All this, though, does not a fujoshi self-insert make. Where this really shines is by how inaccessible to romantic relationships she is. Now, having a girl be not openly interested in romantic relationships is all well and good—honestly, it’s kind of refreshing—but amidst all the unresolved romantic tensions of almost literally every boy in the cast, it feels as though the writers are screaming “she’s not a threat to your ships!” For Kou already has a true love, and that love is muscles. Indeed, nary a swimming scene can go by without her commenting on how beautiful and perfect all the swimmers’ toned muscles are. This not only disconnects her from seeing the swimmers as people (which could be an interesting commentary, but definitely not an intentional one on the part of Free!), but allows the more vitriolic portion of M/M shippers to see her as a proxy rather than a threat. If Kou loves muscles rather than the men attached to them, then it would be simple to insert yourself in there and go “damn girl, me too,” without threatening the queerbait, as the writers may have it. Even when the writers did deign to give Kou two potential love interests in the second season—the leader of the Samezuka Academy’s swim team, as well as one of the younger members of the same team—she barely seemed interested in them at all outside of their physique and swimming skills.
Compare Kou to a character like Renge from Ouran High School Host Club. While I wasn’t active online when the Ouran fandom was in its heyday, I do notice that Renge is certainly not as well liked as Kou. They are completely different characters, but their interactions with the main male cast are similar except that Renge has explicitly personal motivations. Renge, similar to Kou, is not a threat to the implied ship of Haruhi and Tamaki, but she does act as a “threat” to those who may wish to ship Kyouya with anyone. Renge initially comes to Ouran to marry Kyouya, but eventually backs down when he doesn’t fit her expectation of a glasses character (another potential commentary on otaku qualities, but from Ouran I actually believe it) and respects that he’s his own person. She sticks around to help the Host Club with various things, but doesn’t spend her time alluding to tragic pasts or anything like that. Because Renge has been shown to act on her own whims and has her own agency beyond “I love muscles,” she remains a potential “threat,” and thus runs the risk of falling into the hate vortex of other female characters. The reactions between the Ouran fanbase and the sports anime fanbase would most likely be somewhat different given that they are completely different genres with different fandom ecosystems, but the hate that Renge receives and that Kou does not is still significant.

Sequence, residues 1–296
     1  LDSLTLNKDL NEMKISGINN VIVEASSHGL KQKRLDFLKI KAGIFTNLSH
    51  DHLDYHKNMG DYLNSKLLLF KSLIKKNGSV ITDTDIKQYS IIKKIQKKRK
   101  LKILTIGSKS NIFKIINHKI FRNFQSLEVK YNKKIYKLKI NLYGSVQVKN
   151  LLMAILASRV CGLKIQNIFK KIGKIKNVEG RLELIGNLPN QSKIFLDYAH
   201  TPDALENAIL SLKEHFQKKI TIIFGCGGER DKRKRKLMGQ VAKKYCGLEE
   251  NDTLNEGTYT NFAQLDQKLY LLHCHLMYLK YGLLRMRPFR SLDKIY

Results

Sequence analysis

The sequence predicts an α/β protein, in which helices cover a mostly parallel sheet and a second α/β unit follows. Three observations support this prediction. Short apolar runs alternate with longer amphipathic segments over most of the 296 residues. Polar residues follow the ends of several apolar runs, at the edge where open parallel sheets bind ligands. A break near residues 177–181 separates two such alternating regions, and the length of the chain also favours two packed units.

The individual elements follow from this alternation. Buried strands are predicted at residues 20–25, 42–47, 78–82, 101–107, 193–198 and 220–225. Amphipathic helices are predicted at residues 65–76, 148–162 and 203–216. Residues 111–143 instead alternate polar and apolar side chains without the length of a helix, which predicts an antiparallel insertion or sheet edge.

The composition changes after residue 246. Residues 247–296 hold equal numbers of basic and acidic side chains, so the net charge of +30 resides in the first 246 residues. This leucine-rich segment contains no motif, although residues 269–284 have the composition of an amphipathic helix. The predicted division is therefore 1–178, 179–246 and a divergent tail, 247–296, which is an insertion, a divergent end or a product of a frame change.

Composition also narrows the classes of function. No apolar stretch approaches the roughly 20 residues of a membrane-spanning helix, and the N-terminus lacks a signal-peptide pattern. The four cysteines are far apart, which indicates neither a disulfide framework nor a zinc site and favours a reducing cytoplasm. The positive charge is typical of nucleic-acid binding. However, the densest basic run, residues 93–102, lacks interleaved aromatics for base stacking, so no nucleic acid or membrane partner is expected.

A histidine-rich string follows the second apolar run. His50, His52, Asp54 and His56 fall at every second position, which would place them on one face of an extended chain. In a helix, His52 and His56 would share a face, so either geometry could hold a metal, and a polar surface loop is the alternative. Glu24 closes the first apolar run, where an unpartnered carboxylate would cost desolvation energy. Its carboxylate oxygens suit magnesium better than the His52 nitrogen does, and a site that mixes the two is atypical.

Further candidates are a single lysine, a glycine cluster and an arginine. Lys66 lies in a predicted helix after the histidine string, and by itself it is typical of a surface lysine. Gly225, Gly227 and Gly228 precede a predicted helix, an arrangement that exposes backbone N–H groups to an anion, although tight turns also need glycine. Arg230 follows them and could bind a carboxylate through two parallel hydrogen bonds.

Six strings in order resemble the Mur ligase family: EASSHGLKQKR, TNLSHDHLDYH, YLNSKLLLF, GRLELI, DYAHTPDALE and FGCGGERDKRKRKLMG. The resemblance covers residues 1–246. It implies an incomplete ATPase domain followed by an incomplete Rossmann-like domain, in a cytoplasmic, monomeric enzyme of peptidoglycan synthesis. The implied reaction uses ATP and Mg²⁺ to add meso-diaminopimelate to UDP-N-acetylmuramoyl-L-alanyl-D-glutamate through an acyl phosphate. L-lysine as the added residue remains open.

Kou’s fujoshi tendencies do not end up running the series—unlike bronies with MLP at times—however, these fujoshi tendencies of the show itself end up ultimately having an unfortunate impact on Kou. Rather than allowing her to form closer relationships with her team, or branching out and doing things for herself, the show made her about her obsession with muscles. She is not a bad character; however, I do believe she could have been a lot more compelling if she’d been able to show more of her character. Not by having a romantic relationship with any of the characters necessarily, but by being allowed to have interests and motivations outside of the Iwatobi swim team and her brother, and allowing the audience to see those outside interests in some way.
This continued issue of undeveloped lady characters is frustratingly prevalent; however, as long as this niche genre survives, so too will the problem. The people who continue to uncritically consume this material, who continue to accept marginalizing female characters in the name of M/M ships that are only teased for profit, are proving that yeah, female characters aren’t actually important. Men can have close relationships, romantic and platonic, without having to sacrifice the inclusion of equally interesting, developed women, and expressing otherwise is just simple misogyny. So while it’s nice to have an anime that seems to be marketed more towards women, take a step back and ask yourself if the actual women in the series are suffering because of this.